On my travels, I took along Grant Clauser‘s collection The Magician’s Handbook. One of my best-beloveds has been learning sleight-of-hand and card tricks lately, and as a result I found it especially fun to “get” Clauser’s references to trick names and magicians’ moves in these poems. The poems demonstrate Clauser’s sense of humor, balanced with insights about contemporary life and a good use of metaphor, sound (nice alliteration in particular), and poignancy that never teeters into sentiment.

I thought my hostess in North Carolina would enjoy The Magician’s Handbook; she randomly read a few pages and liked the book so much that I gave it to her.

~MH poems

Poetry collections are terrific gifts for poet friends, of course; but it is particularly rewarding to introduce a friend to a poet’s work. I would not have discovered half of the writers whose work I love if it had not been for friends and fellow writers’ recommendations, although various public libraries and many a bookstore browsing session have been places of discovery, as well.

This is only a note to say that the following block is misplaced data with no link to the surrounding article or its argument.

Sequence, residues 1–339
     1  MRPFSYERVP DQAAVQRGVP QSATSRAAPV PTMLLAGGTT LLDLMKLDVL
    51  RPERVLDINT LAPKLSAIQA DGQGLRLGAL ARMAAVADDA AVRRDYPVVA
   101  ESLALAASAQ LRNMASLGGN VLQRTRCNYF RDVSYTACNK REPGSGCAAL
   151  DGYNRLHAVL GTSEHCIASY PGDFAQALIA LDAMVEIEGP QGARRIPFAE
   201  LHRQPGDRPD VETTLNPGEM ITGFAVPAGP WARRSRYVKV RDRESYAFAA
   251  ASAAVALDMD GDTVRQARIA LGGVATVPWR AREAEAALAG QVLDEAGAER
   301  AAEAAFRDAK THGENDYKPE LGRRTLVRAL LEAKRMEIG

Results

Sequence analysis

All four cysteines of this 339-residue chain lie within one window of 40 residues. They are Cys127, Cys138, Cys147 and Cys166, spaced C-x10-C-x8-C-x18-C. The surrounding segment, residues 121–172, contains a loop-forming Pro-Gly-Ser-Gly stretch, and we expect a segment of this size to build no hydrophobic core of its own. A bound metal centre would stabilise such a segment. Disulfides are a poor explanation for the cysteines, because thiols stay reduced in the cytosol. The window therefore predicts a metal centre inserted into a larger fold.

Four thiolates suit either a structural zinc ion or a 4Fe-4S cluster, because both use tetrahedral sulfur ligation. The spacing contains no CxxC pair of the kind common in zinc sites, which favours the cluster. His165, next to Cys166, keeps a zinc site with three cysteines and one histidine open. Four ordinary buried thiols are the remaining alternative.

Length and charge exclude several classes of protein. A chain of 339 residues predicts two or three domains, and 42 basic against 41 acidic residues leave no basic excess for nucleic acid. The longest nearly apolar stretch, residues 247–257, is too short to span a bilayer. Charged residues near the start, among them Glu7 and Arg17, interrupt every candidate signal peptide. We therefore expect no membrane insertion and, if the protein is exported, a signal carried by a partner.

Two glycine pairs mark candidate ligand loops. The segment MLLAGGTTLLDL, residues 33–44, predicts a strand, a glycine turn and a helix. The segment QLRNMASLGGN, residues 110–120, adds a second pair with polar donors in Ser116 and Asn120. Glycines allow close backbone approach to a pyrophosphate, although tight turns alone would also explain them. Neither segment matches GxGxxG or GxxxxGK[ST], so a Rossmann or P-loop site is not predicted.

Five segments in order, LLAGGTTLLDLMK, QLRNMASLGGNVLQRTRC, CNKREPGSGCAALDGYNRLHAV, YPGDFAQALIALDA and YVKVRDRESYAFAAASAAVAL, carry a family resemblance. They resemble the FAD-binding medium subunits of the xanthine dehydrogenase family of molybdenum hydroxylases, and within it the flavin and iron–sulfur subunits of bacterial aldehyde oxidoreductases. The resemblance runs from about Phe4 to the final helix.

I like to read poems while traveling. On the one hand, it proves difficult to keep from being distracted by crowds, announcements, and departure times–which can make it hard to focus on the challenges a poem presents to its readers. On the other hand, poems tend to be brief enough that the inevitable interruptions do not completely disrupt the flow or content of the page; for that reason, I tend to struggle to read fiction while traveling. The brevity lends itself to gesture, so I can pick up on mood and tone and the sound of the poem (in my head–I don’t read aloud in airport terminal lounges). Later, when I am home again, I re-read the poems. That gives me a different perspective on the work.